# What is the meaning of $\lim_{x\to0}\frac{\ln|-x|}{\ln|x|}$? [closed]

I am now working out some critical exponent, and I encountered this result $$\lim_{x\to0}\frac{\ln|-x|}{\ln|x|}.$$ Can I write this equals to 1? Here $$x=\frac{T-T_{c}}{T_{c}}$$ and $$T_{c}$$ is the critical temerature.

## closed as off-topic by Aaron Stevens, Qmechanic♦Feb 12 at 7:33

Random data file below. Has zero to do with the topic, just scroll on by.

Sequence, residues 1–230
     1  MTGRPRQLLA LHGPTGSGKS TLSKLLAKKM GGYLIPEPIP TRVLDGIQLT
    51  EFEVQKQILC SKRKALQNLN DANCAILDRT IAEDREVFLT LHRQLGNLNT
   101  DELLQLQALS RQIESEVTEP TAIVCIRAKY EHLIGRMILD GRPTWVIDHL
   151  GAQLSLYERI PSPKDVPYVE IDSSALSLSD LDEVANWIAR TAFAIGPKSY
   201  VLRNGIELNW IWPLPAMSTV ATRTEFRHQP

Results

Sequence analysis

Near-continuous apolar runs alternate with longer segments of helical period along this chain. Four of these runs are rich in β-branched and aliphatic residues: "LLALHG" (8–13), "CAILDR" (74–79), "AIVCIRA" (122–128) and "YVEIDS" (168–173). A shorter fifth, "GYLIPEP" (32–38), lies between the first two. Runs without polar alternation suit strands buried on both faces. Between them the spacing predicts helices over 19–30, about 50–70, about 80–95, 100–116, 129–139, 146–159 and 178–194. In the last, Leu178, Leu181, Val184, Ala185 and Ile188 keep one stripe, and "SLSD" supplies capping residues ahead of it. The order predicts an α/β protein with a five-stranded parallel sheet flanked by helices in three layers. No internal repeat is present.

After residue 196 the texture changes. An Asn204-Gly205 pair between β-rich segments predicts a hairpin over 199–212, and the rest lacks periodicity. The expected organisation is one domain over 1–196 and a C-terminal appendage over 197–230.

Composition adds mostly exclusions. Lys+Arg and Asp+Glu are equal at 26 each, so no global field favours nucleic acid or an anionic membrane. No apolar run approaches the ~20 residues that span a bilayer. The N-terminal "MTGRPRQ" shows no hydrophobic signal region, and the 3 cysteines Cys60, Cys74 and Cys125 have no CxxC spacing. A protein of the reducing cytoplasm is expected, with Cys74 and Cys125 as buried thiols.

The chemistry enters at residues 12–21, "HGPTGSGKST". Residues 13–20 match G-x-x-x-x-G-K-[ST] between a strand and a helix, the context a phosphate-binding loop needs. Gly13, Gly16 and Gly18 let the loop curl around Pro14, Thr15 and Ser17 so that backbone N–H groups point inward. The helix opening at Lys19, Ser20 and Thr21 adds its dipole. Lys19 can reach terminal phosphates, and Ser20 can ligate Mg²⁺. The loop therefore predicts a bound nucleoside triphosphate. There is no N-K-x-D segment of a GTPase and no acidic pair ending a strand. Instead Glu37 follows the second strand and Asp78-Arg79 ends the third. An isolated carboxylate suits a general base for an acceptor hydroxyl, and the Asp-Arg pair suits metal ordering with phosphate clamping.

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Yes, of course you can write it equal to 1. $$\lim\limits_{x\rightarrow 0}\frac{\ln|-x|}{\ln|x|}$$ Is the same as: $$\lim\limits_{x\rightarrow 0}\frac{\ln(x)}{\ln(x)}=\lim\limits_{x\rightarrow 0}1=1$$
Because $$x$$ is positive (as long as you're not using negative temperatures, in that case you would just reverse the sign of the argument if the quotient happens to be negative).